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Rescue operations struggle in Papua New Guinea following deadly landslide

The aftermath of a deadly landslide in Papua New Guinea.
The aftermath of a deadly landslide in Papua New Guinea. Copyright AP/Satellite image ©2024 Maxar Technologies
Copyright AP/Satellite image ©2024 Maxar Technologies
By Euronews with AP
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A combination of rainfall, in-fighting and difficult terrain have made rescue operations increasingly difficult after a disaster killed as many as 2,000 people.

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Humanitarian organisations in Papua New Guinea have warned of a possible second landslide and a disease outbreak at the scene of the country's largest mass-casualty disaster in recent memory, which saw hundreds injured and killed by a massive landslide.

A UN official said the water streams and scores of bodies buried by the tons of debris that swept over a village on May 24 are together posing a major risk of further catastrophe even as rescuers struggle to help those still trapped. 

A mass of boulders, earth and splintered trees devastated Yambali in the South Pacific nation's remote highlands when a limestone mountainside sheared away last week.

The blanket of debris has become more unstable with recent rain and streams trapped between the ground and rubble, said Serhan Aktoprak, chief of the International Organisation for Migration's (IOM) mission in Papua New Guinea.

The UN agency has officials helping to shelter 1,600 displaced people at the scene of the disaster in Enga province. 

The IOM estimates 670 villagers died, while Papua New Guinea's government has said it thinks more than 2,000 people were buried. 

Six bodies had been retrieved from the rubble by Tuesday, a UN statement said.

This photo released by UNDP Papua New Guinea, shows a landslide in Yambali village, in the Highlands of Papua New Guinea.
This photo released by UNDP Papua New Guinea, shows a landslide in Yambali village, in the Highlands of Papua New Guinea.Juho Valta/UNDP Papua New Guinea

"We are hearing suggestions that another landslide can happen and maybe 8,000 people need to be evacuated," Aktoprak told The Associated Press.

"This is a major concern. The movement of the land, the debris, is causing a serious risk, and overall the total number of people that may be affected might be 6,000 or more," he said.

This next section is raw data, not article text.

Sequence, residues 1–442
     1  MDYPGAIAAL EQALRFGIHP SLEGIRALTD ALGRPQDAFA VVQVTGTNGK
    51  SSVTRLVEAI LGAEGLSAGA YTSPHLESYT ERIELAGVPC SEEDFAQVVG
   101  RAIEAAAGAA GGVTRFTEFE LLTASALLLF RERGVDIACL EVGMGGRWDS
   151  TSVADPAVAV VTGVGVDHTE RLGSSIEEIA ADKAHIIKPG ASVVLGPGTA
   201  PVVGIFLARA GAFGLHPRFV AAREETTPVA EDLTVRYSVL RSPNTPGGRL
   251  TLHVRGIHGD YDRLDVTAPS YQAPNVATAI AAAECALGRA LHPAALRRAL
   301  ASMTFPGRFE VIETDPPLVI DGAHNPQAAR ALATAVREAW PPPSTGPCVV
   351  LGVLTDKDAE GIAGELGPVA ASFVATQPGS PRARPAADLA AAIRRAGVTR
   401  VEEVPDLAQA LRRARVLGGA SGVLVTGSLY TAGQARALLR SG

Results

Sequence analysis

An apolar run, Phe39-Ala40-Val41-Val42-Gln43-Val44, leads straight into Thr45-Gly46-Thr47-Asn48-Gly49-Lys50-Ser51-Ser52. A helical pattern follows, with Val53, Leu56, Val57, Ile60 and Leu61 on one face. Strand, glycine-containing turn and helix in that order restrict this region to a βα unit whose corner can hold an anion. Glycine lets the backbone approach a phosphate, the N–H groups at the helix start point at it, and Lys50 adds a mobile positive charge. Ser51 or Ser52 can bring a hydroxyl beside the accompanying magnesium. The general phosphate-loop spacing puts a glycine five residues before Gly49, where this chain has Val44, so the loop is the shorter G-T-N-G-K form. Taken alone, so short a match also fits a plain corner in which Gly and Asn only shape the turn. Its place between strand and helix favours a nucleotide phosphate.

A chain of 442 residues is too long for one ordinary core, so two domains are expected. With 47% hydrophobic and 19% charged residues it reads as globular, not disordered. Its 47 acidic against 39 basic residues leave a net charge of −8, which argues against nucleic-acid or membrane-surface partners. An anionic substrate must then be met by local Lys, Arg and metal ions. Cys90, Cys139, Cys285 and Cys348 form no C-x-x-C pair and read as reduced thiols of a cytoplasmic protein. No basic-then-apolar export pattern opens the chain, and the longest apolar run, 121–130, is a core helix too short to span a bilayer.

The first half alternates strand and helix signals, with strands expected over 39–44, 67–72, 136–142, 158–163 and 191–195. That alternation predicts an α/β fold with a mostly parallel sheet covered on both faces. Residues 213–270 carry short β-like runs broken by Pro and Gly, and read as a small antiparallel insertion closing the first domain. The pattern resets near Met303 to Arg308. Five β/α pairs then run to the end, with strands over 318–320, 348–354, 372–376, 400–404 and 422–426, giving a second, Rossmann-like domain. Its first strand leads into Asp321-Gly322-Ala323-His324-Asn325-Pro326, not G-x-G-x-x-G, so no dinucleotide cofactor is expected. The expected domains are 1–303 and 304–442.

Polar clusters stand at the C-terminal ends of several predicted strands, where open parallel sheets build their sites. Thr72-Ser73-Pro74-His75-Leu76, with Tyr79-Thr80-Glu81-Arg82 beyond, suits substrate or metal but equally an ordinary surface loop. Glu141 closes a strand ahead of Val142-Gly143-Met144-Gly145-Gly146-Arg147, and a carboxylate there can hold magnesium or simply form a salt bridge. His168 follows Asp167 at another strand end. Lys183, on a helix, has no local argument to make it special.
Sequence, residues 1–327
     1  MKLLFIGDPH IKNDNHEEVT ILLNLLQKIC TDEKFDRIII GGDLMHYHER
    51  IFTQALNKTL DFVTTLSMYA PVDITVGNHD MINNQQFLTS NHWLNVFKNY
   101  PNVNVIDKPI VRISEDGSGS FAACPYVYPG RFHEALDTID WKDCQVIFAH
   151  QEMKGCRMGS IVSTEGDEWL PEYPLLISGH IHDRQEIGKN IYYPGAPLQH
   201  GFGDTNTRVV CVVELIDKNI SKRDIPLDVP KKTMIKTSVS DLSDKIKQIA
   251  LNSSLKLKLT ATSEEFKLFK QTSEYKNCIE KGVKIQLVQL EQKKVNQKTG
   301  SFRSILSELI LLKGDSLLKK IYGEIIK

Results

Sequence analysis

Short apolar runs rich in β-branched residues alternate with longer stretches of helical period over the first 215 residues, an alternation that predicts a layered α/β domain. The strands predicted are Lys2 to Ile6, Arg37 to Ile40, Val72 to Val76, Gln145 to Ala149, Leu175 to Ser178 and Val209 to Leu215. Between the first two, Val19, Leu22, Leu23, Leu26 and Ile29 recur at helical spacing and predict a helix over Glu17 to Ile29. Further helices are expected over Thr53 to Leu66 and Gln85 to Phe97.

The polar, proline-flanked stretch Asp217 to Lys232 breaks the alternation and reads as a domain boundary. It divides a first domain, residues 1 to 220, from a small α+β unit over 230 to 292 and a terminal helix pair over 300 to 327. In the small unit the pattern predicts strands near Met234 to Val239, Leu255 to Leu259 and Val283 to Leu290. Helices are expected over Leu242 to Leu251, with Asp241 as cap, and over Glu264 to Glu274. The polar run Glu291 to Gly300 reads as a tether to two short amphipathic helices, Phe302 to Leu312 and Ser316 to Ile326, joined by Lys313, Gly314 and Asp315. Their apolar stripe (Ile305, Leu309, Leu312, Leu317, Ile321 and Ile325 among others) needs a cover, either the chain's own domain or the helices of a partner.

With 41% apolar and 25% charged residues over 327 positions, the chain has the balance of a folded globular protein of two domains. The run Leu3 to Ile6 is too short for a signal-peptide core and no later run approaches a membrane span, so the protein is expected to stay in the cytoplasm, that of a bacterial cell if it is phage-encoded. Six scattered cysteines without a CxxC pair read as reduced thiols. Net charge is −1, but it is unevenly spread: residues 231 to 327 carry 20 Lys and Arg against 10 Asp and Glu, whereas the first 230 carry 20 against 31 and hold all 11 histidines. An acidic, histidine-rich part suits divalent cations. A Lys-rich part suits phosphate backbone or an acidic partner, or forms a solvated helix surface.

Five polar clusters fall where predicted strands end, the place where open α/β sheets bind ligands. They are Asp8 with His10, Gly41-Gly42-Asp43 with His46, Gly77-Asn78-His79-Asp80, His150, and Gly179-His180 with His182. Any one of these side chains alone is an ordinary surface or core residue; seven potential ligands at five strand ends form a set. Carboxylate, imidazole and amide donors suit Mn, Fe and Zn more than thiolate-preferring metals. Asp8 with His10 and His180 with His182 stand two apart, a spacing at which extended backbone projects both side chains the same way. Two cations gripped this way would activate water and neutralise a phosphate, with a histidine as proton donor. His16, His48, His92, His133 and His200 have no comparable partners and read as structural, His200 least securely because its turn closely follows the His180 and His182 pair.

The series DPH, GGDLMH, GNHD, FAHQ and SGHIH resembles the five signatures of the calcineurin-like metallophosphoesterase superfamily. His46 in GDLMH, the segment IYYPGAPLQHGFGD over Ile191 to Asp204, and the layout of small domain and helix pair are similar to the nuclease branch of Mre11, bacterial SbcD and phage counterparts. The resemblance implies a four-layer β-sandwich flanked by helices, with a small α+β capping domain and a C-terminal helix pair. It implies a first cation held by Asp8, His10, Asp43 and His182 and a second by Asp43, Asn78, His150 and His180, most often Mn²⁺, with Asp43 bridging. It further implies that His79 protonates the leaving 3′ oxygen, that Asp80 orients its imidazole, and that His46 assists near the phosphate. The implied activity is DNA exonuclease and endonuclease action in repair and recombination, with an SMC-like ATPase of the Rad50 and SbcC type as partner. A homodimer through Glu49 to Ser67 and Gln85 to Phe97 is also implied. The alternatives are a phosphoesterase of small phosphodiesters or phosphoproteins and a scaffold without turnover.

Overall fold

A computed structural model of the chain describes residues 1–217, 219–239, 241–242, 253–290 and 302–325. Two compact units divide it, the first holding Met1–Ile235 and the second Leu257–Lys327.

That number includes villagers whose source of clean drinking water has been buried and subsistence farmers who lost their vegetable gardens.

"If this debris mass is not stopped, if it continues moving, it can gain speed and further wipe out other communities and villages further down" the mountain, Aktoprak said.

A UN statement later tallied the affected population at 7,849, including people who might need to be evacuated or relocated. The UN said 42% of those people were younger than 16 years old.

Scenes of villagers digging with their bare hands through muddy debris in search of their relatives' remains were also concerning.

"My biggest fear at the moment is corpses are decaying, ... water is flowing and this is going to pose serious health risks in relation to contagious diseases," Aktoprak said.

The warning comes as geotechnical experts and heavy earth-moving equipment are expected to reach the site soon.

The Papua New Guinea government on Sunday officially asked the United Nations for additional help and to coordinate contributions from individual nations.

In this photo released by UNDP Papua New Guinea, villagers search through a landslide in Yambali village, in the Highlands of Papua New Guinea.
In this photo released by UNDP Papua New Guinea, villagers search through a landslide in Yambali village, in the Highlands of Papua New Guinea.Juho Valta/UNDP Papua New Guinea

An Australian disaster response team arrived Tuesday in Papua New Guinea, which is Australia's nearest neighbour. The team includes a geohazard assessment team and drones to help map the site.

"Their role will be particularly helping perform geotechnical surveillance to establish the level of the landslip, the instability of the land there, obviously doing some work around identifying where bodies are," said Murray Watt, Australia's minister for emergency management.

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The Australian government has offered long-term logistical support for clearing debris, recovering bodies and supporting displaced people. The government announced an initial aid package of 2.5 million Australian dollars (€1.53 million).

Earth-moving equipment used by Papua New Guinea's military was expected to arrive soon, said Justine McMahon, country director of for humanitarian agency CARE International.

An excavator donated by a local builder on Sunday became the first piece of heavy earth-moving machinery brought in to help villagers who have been digging with shovels and farming tools to find bodies.

Heartbroken and frustrated Yambali resident Evit Kambu thanked those who were trying to find her missing relatives in the rubble.

"I have 18 of my family members buried under the debris and soil that I'm standing on," she told Australian Broadcasting Corporation through an interpreter.

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"But I can't retrieve the bodies, so I'm standing here helplessly," she added.

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